Courts rule against oceanfront property owners, say public owns beach created in replenishment projects

This aerial image from March, 2010, shows the shrinking beach in Harvey Cedars on Long Beach Island.

By RICHARD DEGENER Press of A.C.Staff Writer | Thur, Sept. 30, 2010

The New Jersey Supreme Court’s recent ruling that additional beach created by government-funded projects is owned by the public, and not oceanfront property owners, has implications in many shore towns.

The unanimous ruling Sept. 21 by the state’s highest court, stemming from a case in Long Branch, Monmouth County, closely followed a ruling by the U.S. Supreme Court earlier this year.

Cape May City Solicitor Tony Monzo has been tracking the case partly because the city has privately owned beaches and relies on beach replenishment projects funded mostly by the federal and state governments to maintain the strand.

“This could impact beach replenishment projects on the coast, especially in Cape May where we have one coming up,” Monzo said.

The U.S. Army Corps of Engineers and the state Department of Environmental Protection fund most of the costs for such projects.

The local share of the upcoming project, which includes pumping 320,000 cubic yards of sand from The Cove Beach in Cape May to Saint Peter’s Beach in Cape May Point, will only be 8.75 percent of overall costs expected to exceed $5 million. Bids for the project will be opened Oct. 7.

The federal and state governments, however, typically expect local governments to either buy privately owned beaches or get easements to them. But the value of the beaches and the easements could be higher if the landowner takes ownership of the new sand being pumped in.

Monzo said there is still some privately owned beaches in the area due to get sand this winter on the west side of town. There also are several privately owned beaches in the center of town, for which the city has easements.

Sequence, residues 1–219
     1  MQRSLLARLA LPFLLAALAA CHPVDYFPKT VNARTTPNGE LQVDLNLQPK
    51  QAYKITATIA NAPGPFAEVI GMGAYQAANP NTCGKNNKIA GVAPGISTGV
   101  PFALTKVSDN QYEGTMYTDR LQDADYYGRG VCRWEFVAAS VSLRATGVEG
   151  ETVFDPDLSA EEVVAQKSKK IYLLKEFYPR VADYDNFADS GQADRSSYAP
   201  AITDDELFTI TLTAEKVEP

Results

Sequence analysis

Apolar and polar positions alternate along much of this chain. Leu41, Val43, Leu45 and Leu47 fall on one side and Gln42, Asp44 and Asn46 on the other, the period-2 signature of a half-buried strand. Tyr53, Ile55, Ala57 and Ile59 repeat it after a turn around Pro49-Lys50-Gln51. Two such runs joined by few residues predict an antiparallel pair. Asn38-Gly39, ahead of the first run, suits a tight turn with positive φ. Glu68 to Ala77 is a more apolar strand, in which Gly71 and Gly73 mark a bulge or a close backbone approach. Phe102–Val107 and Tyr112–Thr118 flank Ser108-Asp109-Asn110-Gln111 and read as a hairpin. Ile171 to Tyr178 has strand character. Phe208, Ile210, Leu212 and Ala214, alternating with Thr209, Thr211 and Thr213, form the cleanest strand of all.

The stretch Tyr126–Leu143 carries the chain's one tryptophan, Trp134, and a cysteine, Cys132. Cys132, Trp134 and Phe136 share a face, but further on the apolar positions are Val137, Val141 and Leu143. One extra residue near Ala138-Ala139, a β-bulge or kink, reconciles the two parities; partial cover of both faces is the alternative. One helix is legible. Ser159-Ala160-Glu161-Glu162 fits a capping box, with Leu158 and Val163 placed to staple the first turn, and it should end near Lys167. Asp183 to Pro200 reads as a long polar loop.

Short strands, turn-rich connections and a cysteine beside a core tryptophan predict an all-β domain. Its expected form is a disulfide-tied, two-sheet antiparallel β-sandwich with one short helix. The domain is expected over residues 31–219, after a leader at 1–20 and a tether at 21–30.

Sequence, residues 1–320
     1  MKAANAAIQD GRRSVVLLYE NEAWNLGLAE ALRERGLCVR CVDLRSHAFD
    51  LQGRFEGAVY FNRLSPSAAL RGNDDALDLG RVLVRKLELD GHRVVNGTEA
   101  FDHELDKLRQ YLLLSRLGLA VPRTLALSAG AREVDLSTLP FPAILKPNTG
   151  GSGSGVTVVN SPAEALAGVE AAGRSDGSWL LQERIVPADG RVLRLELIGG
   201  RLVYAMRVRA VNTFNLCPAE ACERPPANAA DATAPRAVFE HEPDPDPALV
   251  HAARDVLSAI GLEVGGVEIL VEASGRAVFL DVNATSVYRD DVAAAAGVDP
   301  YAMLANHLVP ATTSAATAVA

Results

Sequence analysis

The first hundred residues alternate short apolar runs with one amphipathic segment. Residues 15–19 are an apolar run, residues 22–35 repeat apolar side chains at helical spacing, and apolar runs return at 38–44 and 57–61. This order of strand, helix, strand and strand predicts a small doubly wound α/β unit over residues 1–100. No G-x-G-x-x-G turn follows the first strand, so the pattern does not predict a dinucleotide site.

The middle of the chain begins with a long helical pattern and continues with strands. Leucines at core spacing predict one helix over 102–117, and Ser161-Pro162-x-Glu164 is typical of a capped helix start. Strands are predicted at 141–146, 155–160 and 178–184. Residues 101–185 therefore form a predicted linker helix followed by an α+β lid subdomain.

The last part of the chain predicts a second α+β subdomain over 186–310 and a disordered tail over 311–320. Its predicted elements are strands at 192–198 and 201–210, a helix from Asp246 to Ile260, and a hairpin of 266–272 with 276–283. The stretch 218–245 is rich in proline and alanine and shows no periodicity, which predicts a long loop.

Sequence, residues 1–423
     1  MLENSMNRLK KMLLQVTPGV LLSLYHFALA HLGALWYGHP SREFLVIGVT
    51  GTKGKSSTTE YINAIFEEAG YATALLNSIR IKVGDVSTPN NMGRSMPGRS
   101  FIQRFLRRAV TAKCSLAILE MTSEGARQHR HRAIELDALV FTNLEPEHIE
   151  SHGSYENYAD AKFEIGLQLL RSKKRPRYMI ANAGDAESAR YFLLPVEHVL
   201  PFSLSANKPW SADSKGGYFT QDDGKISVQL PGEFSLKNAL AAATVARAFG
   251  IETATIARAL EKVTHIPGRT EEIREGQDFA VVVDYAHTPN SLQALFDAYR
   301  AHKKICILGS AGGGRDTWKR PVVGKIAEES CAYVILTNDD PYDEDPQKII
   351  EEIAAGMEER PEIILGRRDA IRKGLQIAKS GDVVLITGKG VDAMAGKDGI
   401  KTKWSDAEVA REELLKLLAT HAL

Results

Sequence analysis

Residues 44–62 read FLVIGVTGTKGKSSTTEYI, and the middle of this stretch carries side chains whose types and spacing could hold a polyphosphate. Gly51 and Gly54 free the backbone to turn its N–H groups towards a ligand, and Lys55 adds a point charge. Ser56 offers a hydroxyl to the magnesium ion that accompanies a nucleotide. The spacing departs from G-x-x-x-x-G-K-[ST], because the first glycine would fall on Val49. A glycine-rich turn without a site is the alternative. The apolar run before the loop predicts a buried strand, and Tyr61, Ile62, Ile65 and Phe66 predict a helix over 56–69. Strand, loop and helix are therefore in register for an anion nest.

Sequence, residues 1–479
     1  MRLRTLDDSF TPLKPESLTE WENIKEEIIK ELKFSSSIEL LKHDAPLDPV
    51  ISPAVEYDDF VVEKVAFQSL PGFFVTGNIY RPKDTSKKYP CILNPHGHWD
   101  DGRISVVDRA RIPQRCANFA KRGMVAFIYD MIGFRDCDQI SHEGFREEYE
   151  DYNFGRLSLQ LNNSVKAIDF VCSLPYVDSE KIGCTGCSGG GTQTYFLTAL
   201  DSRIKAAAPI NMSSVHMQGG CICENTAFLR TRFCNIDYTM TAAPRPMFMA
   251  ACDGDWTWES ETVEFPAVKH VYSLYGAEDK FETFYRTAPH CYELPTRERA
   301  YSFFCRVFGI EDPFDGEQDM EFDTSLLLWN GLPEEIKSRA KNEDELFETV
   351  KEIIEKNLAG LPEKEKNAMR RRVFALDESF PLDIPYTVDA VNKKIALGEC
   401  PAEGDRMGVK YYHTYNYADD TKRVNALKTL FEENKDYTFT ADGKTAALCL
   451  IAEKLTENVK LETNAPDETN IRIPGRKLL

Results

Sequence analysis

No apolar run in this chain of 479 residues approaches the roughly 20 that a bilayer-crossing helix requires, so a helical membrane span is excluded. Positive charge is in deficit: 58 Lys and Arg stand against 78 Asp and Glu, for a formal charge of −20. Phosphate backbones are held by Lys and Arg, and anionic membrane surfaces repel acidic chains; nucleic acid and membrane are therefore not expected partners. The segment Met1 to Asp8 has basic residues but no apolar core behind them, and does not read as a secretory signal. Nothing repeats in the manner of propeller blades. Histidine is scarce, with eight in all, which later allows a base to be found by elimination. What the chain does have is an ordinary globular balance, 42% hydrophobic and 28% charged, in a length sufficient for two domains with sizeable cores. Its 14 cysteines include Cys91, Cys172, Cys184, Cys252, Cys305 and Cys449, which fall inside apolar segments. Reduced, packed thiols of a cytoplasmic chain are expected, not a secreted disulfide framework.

A bigger issue, according to Monzo, could be the Beach Club of Cape May on the far eastern side of town. The city has attempted to negotiate easements in the past with the private beach club, but without success.

The upcoming project does not add sand at the club, but previous replenishment projects at the U.S. Coast Guard base increased the size of that beach.

The improved area becomes a public beach, Monzo said. The court distinguished between the natural accumulation of sand and a sudden increase due to beach replenishment.

The court ruled that newly placed sand falls within the Public Trust Doctrine, an ancient document that gives the public access to tidal areas.

The ruling also could allow greater public access.

Gordon N. Litwin, an attorney representing the American Littoral Society, which intervened in the case, said replenishment creates a beach open to the public in front of privately owned beaches.

“The sand added is Public Trust land. It increases the public beach at private beaches. It probably affects 127 miles of coastline between Sandy Hook and Cape May,” Litwin said.

The key to such cases is the mean high water mark, which is where the ocean ends at high tide and the dry sand begins. The line is based on an average high tide during the previous 18.6 years.

In Long Branch, Boardwalk merchants Jui Yung Liu, who died in 2002, and his wife, Elizabeth Liu, lost their property during a redevelopment project in 2001. Eminent domain was used to take the property and the Lius were paid $900,000. They sought $2,855,000.

They argued in court that it was not just-compensation, mainly because the value did not reflect another 225-foot-wide section of beach added by a government replenishment project valued at $175,000.

Their 1977 deed said the property, which included restaurants and other businesses, went to the mean high water mark. The lower courts ruled they could not get an enhanced value because public agencies spent public funds to increase the size of the beach.

The N.J. high court, in a unanimous ruling last week, declined to add the value of the replenishment. The U.S. Supreme Court made a similar ruling in a Florida case in June.

“The Florida case had very similar underpinnings,” Litwin said.

Seeking more information, Litwin said the justices asked the American Littoral Society, Public Advocate of New Jersey, and state Attorney General’s Office to file briefs in the case.

The case is not expected to have an impact on private beach clubs, including several in the Diamond Beach section of Lower Township, which do not get beach replenishment. They have faced their own Public Trust Doctrine issues in the past.

“Any place you have a nourished beach, that’s land subject to this case,” Litwin said.

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